In his 19th book, Sketches from a Howdah: Charlotte, Lady Canning’s Tours: 1858-1861, Fakir Syed Aijazuddin returns to shedding fresh context to the words (and in this case images) of historical figures from Pakistan and India’s shared past. An old hat at the format by now, he wryly notes: “One should never write a book, preferably not a biographical study. It merely extends someone else’s life, and shortens one’s own.”
Fortunately, Sketches is a well-produced coffee-table venture generously spread throughout with color illustrations. Readers who appreciate Aijazuddin’s witticisms in his columns for daily Dawn will enjoy the unfailing excellence of his writing style herein as he brings to life the gifted and, in some ways, obscured personality of Charlotte Canning, wife of Lord Charles John Canning, who ruled India from 1856-1862, including during the infamous Rebellion of 1857, which marked his turn from Governor-General to Viceroy.
Aijazuddin—currently Honorary British Consul for the U.K. at Lahore, in recognition of which he was awarded the OBE in 1997—after a distinguished career as chartered accountant, has settled into his overgrown ferreting instinct, digging up facts lying buried in collective amnesia. Even during his accountancy days, this innate skill was visible in his cataloging of miniature paintings from the Punjab Hills. Today, he is a recognized art historian, a distinction that supplements his various political books, like the one on Henry Kissinger’s secret visit to China in July 1971, and another on U.S. President Richard Nixon’s policy toward Pakistan (1969-1974). With Sketches, he has set his sights on the self-effacing and, in some ways, touching career of Lord Canning’s wife as she traveled across post-1857 India.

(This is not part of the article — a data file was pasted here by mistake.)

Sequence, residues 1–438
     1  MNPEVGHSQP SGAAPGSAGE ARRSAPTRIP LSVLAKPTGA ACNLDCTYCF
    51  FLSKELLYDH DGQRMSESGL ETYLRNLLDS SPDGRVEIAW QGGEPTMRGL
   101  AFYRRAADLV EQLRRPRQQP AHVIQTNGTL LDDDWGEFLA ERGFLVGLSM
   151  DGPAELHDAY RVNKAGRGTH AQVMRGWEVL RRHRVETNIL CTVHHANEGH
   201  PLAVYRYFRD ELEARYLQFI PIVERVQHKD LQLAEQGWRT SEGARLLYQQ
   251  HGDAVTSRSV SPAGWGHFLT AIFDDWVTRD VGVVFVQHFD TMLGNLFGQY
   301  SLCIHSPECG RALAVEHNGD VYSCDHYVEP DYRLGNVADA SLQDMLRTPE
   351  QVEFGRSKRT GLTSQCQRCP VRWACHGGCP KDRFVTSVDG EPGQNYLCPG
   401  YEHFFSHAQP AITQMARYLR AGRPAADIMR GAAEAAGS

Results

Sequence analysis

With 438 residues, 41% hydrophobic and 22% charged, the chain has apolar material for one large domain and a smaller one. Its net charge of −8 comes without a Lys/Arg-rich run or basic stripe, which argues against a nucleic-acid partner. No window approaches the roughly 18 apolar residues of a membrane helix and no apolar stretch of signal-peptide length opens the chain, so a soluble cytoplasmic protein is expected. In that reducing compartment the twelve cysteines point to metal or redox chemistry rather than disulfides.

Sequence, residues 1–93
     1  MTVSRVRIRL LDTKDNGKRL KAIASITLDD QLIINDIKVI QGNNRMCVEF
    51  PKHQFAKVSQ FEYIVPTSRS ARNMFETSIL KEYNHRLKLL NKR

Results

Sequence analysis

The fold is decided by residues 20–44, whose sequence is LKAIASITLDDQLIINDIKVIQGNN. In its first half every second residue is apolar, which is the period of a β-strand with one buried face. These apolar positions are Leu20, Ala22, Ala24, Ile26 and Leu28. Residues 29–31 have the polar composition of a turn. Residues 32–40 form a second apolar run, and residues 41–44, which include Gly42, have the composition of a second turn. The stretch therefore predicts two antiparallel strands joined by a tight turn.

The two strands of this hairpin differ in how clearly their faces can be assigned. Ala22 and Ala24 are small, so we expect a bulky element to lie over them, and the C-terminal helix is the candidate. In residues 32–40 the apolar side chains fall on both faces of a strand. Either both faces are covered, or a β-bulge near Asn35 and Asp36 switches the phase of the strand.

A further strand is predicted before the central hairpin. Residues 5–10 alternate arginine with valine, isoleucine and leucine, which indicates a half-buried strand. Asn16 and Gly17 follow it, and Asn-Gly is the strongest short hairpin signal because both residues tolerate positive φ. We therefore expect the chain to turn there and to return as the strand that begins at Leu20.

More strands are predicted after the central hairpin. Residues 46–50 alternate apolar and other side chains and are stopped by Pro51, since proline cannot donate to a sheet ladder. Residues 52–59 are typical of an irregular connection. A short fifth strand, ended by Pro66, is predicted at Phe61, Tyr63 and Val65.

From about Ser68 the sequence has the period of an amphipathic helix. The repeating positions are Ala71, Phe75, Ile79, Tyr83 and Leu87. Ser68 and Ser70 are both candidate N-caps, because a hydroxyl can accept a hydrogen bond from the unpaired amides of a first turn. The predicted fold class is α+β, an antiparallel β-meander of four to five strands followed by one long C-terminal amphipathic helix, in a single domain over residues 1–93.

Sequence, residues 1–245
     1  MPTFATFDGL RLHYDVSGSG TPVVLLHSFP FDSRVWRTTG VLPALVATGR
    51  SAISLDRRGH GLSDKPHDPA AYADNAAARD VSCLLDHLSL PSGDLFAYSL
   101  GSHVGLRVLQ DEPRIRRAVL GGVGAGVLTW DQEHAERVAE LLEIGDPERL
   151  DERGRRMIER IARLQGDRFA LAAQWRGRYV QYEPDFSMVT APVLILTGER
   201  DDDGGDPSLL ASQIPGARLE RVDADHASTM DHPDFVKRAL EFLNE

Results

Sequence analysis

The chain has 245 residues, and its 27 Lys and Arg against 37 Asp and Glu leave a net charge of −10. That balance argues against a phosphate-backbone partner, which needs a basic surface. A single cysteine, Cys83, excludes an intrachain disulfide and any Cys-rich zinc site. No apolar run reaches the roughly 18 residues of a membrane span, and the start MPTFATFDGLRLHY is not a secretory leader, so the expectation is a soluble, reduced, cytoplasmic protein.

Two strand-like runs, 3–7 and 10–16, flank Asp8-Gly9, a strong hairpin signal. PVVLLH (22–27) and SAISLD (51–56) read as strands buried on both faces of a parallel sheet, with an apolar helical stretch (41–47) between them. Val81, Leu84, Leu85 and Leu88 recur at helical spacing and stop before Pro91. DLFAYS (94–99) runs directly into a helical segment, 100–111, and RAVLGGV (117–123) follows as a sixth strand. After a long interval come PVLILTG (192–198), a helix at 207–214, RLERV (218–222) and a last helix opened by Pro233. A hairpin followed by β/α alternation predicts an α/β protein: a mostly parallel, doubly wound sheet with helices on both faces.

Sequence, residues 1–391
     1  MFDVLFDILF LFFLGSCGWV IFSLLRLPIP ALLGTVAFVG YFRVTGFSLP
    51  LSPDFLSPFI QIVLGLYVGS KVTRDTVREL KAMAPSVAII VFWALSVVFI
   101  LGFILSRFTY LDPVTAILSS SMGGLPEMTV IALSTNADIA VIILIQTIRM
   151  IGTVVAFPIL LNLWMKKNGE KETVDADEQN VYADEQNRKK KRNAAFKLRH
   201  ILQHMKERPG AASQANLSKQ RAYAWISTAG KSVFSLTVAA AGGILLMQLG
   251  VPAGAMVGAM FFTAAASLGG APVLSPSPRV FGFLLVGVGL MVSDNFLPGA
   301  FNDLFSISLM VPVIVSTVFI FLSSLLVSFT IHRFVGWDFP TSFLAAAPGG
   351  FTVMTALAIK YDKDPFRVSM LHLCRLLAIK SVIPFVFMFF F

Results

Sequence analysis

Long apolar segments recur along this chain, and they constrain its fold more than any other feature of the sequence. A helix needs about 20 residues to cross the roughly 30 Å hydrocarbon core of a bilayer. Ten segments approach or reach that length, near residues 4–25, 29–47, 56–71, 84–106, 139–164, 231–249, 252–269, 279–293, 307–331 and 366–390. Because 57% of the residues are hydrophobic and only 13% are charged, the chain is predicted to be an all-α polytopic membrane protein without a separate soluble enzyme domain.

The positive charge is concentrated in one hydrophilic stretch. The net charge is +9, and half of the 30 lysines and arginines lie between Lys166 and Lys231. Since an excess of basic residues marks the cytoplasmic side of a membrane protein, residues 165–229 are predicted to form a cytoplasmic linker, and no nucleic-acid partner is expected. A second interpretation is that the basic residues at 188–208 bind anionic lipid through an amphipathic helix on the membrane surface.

Journey to ladyship
Charlotte Stuart (1817-1861) was married at 18 to Charles Canning, whose father George Canning had served as Prime Minister of Britain for just 119 days (the shortest tenure of any British prime minister). She was Lady of the Bedchamber to Queen Victoria, while Charles served as postmaster-general before being sent to India as governor-general in 1855. It was while serving as the postmaster general in Lord Palmerston’s cabinet that Canning found that his name had been proposed as Governor-General of India to succeed Lord Dalhousie.
Two years into his tenure, the rebellion began on May 10, 1857 with the mutiny of “sepoys” in the garrison town of Meerut, 40 miles northeast of Delhi. It soon spread to the upper Gangetic plain and central India, though incidents of revolt also occurred farther north and east. The rebellion posed a considerable threat to British power in the region, and was contained only with the rebels’ defeat in Gwalior on June 20, 1858. Despite experiencing the yearlong uprising firsthand, Canning was not given to revenge. (“To his great credit he refused to go along with the bloodthirsty and vengeful atmosphere that prevailed back in Britain in the aftermath.”) Although not immune from criticism, Canning, as he appears in Charlotte’s letters to the Queen and to her family back home, creates a good impression, presiding over a smooth transfer and reorganization after the East India Company’s rule was passed onto the British Crown.